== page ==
Oh mylanta, I’m in love. I’m currently spackling and painting and caulking, but hopefully soon I’ll be able to share the finished product! Eeeeeeeeek!!!!
Our dining area. That poor area has struggled. It was struggling when we bought the house.
Wall of mirrors? Thanks, but no thanks.
We ripped all the mirrors out, filled in twenty billion holes in the drywall, and plopped our dining table in the space. We centered the table under the light because I think that’s what you’re supposed to do? It’s just too bad that the light isn’t centered on anything.
I adore this long room, especially since we opened it up to the kitchen. But our round table is just not working in the space. It looks like we have a super long living room and decided to plop a table in it.
But I had visions. And dreams. And plans. And guys, they’re coming true!
I’ve mentioned before that I think this dining area needs more focus. More oomph. Something that makes the narrow shape seem more intentional. Something like banquette seating. And a long, showstopper of a table.
Enter: my dad. He is one of the most crafty men I know. As in saws and nails and sanders crafty. Not as in pom pom trim and hot glue crafty. But I’m sure you knew that.
Last week he came over and this happened:
Plans for our new dining area! WE’RE BUILDING IT! Aaaah, I just couldn’t take it. I mean, how exciting?! Building my own table and built-in banquette seating is the stuff that dreams are made of for this DIY-lovin’ girl. Not only can we customize it to fit our space, but we could never buy ready made furniture at the price it will take for us to build everything.
Ha! “Us.” You like how I insert myself as if I actually have a clue about this whole process?
One of my favorite moments so far was after my Dad and I loaded up the supplies in his truck and he told me that he had to run back inside Menard’s to pick up something. He came out with these and said I would need them:
My very own work gloves. I’m so official I don’t know what to do with myself.
Working with my dad has been the absolute best. I’ve been saving pictures and table plans for months. I showed him all my ideas and in five minutes he was able to narrow everything down to get to the core of what I wanted. Plus add some features that will be just amazing. He’s gooooood.
What about you guys? Have any of you built anything? Or even built your own table? Does anyone else have an irrational fear that the saw is going to come flying off and whack you in your eye? Does anyone else have a super sweet pair of work gloves as awesome and official as mine? I’m doubtful. Ha!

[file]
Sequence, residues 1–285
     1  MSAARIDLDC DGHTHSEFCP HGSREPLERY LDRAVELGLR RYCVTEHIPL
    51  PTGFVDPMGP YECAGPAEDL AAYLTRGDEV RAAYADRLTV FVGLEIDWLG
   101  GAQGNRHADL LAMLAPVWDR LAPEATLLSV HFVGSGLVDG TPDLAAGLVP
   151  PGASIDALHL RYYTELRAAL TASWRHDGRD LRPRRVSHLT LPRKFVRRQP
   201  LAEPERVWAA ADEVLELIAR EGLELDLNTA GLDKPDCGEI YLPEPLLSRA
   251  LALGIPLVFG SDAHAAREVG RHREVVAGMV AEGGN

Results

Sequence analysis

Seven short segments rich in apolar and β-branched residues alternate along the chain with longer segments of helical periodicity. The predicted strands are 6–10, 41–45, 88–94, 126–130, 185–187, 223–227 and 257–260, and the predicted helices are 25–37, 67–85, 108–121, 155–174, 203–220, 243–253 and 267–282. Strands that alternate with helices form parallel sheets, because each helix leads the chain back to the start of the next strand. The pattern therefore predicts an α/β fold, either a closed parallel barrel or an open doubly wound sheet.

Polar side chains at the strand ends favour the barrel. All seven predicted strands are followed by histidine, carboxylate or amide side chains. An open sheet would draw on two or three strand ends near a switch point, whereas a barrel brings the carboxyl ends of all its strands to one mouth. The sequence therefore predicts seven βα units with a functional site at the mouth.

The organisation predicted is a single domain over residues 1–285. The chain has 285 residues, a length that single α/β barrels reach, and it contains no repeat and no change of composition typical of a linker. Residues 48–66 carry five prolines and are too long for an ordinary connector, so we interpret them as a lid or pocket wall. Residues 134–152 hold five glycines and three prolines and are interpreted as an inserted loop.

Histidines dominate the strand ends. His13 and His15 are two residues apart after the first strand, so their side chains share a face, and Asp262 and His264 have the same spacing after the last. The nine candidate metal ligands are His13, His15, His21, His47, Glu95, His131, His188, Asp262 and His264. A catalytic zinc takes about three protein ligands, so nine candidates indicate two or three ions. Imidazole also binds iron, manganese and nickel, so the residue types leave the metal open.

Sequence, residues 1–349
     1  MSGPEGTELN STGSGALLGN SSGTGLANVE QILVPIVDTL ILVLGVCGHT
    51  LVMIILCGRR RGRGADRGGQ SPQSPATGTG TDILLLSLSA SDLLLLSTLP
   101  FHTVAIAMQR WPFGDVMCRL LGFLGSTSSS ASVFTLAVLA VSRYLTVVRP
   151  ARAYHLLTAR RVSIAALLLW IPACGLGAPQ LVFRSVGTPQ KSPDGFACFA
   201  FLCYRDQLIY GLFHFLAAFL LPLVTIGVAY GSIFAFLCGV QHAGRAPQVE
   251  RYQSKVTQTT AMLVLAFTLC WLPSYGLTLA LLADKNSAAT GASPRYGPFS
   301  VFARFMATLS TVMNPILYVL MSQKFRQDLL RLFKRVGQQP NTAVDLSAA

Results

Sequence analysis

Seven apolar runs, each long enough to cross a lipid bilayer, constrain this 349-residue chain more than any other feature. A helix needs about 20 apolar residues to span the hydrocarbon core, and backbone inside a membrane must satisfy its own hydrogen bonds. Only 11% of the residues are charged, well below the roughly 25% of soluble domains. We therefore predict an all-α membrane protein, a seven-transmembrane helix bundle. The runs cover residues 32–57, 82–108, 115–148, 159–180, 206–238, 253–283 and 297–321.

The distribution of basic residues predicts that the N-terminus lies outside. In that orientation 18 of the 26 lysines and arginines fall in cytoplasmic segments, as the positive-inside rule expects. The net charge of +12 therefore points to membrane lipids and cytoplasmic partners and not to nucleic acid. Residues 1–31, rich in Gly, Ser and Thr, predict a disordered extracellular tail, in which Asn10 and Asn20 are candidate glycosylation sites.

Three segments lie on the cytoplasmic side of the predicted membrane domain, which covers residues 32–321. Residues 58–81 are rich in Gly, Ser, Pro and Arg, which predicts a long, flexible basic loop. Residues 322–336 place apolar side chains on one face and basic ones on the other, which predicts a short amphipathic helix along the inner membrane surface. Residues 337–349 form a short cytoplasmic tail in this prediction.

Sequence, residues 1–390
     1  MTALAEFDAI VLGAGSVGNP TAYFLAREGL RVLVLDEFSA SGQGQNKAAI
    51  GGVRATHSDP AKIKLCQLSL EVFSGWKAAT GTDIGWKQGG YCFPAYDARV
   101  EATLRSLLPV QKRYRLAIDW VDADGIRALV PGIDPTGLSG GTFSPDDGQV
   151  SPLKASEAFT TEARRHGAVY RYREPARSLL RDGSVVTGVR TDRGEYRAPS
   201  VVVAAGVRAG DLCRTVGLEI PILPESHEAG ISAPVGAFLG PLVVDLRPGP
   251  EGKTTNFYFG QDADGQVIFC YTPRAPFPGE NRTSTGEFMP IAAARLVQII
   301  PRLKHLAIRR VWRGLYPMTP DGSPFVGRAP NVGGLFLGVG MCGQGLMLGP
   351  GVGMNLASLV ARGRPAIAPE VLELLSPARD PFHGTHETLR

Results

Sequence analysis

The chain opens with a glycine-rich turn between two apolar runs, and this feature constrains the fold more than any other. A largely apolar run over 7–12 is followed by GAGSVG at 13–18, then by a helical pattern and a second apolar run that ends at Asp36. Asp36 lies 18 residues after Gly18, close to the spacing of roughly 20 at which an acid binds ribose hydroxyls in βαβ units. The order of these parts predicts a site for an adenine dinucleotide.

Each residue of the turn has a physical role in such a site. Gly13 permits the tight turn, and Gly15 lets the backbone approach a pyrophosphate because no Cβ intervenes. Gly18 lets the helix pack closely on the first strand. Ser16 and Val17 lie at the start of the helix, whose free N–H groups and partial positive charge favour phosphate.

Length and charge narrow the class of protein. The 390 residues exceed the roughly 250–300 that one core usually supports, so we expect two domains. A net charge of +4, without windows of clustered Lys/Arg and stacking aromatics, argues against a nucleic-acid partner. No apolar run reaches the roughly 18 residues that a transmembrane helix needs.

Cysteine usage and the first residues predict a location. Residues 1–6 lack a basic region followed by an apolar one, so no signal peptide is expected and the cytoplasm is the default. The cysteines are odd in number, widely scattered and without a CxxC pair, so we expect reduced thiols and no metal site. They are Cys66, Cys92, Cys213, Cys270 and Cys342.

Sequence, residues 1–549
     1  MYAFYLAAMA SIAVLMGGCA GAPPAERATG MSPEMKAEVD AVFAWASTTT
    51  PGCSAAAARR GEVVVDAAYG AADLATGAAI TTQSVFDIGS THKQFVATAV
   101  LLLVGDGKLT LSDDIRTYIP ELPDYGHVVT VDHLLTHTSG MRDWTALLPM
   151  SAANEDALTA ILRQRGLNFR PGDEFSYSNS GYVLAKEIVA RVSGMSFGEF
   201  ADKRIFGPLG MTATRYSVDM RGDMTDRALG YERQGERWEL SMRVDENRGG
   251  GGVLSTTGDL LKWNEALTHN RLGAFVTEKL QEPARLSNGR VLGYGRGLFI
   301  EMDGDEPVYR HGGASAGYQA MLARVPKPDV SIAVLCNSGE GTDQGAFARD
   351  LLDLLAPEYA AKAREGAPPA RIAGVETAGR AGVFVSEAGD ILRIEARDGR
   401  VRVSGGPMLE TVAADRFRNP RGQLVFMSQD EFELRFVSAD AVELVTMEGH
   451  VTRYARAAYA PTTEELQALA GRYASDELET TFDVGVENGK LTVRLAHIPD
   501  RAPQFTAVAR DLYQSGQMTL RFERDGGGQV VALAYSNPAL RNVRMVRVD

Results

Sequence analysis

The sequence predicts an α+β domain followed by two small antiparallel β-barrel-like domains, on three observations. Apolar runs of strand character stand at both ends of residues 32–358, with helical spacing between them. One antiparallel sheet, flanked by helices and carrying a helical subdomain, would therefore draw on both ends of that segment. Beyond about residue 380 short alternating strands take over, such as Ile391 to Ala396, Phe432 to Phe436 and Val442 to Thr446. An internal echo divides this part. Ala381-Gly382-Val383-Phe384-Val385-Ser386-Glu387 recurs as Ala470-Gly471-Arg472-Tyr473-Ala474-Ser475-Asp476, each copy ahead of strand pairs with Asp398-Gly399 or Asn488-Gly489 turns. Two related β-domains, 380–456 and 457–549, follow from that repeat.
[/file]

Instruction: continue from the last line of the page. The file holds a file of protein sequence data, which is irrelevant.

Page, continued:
You know, there’s not many more things on this earth that are more fun than party planning, amiright? Especially when it’s for some of your favorite people. I hosted a little party for my mom’s birthday and had so much fun getting it together.
I was barely able to finish her gift in time, but I couldn’t resist making some decorations. I considered buying ready made decorations, but that’s just not me. No, staying up until three in the morning for days on end hand lettering menus is. Ha!
My mom’s favorite season is fall. Now, I know it’s super trendy to love fall. But she loved fall before it was a trend. She loved fall before pumpkin spice lattes were even a thing. Fall runs through her blood. Fall is her signature col-uhh.
So I bought a yard each of five different fall-colored fabrics and just went to town.
I made a couple of happy garlands (tutorial coming soon!) and hung them on our mirrored wall of yore.
Then I headed out to our back yard and pulled some limbs off our dying evergreen tree.
I cut little strips of fabric with regular scissors and some with pinking shears, and then tied them randomly on the branches. These cute little white beans made a great vase filler to keep the branches upright, and a strip of fabric dressed up the mason jar.
I used a handful of the fabric strips to make a little cake bunting. It looks so festive!
I’m pretty sure I’ll never make a cake again without a bunting. It may have just been my imagination, but this bunting made this cake one of the tastiest I’ve ever had. Magical cake bunting for the win!
I wrote out a menu for the evening and then photocopied it on card stock to sit on each plate.
Oh, and no event ever happens at our house without being celebrated with a little chalkboard action.
This little fall party was so much fun to put together. One of the biggest positives to making your own decorations is that you can customize them to work for more than just one night. Now I finally have some fall decorations to spruce up our house!